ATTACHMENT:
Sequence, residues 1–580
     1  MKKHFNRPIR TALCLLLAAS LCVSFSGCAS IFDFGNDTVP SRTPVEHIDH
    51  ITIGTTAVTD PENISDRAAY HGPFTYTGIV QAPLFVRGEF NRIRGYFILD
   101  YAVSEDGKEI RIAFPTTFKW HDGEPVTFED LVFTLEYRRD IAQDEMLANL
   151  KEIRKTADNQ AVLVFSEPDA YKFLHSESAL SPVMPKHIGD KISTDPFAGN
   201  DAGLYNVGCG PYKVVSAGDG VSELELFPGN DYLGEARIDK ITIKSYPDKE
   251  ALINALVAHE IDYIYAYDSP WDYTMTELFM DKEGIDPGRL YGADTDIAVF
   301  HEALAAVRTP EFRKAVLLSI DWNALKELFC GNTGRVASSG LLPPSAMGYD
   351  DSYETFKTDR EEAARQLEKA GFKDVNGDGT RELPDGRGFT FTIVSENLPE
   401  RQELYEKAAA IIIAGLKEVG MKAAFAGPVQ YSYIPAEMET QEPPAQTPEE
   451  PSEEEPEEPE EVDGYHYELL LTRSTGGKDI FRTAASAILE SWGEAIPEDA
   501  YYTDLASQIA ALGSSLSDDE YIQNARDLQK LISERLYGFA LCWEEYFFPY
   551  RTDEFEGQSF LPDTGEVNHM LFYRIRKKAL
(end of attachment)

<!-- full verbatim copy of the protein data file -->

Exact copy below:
Sequence, residues 1–580
     1  MKKHFNRPIR TALCLLLAAS LCVSFSGCAS IFDFGNDTVP SRTPVEHIDH
    51  ITIGTTAVTD PENISDRAAY HGPFTYTGIV QAPLFVRGEF NRIRGYFILD
   101  YAVSEDGKEI RIAFPTTFKW HDGEPVTFED LVFTLEYRRD IAQDEMLANL
   151  KEIRKTADNQ AVLVFSEPDA YKFLHSESAL SPVMPKHIGD KISTDPFAGN
   201  DAGLYNVGCG PYKVVSAGDG VSELELFPGN DYLGEARIDK ITIKSYPDKE
   251  ALINALVAHE IDYIYAYDSP WDYTMTELFM DKEGIDPGRL YGADTDIAVF
   301  HEALAAVRTP EFRKAVLLSI DWNALKELFC GNTGRVASSG LLPPSAMGYD
   351  DSYETFKTDR EEAARQLEKA GFKDVNGDGT RELPDGRGFT FTIVSENLPE
   401  RQELYEKAAA IIIAGLKEVG MKAAFAGPVQ YSYIPAEMET QEPPAQTPEE
   451  PSEEEPEEPE EVDGYHYELL LTRSTGGKDI FRTAASAILE SWGEAIPEDA
   501  YYTDLASQIA ALGSSLSDDE YIQNARDLQK LISERLYGFA LCWEEYFFPY
   551  RTDEFEGQSF LPDTGEVNHM LFYRIRKKAL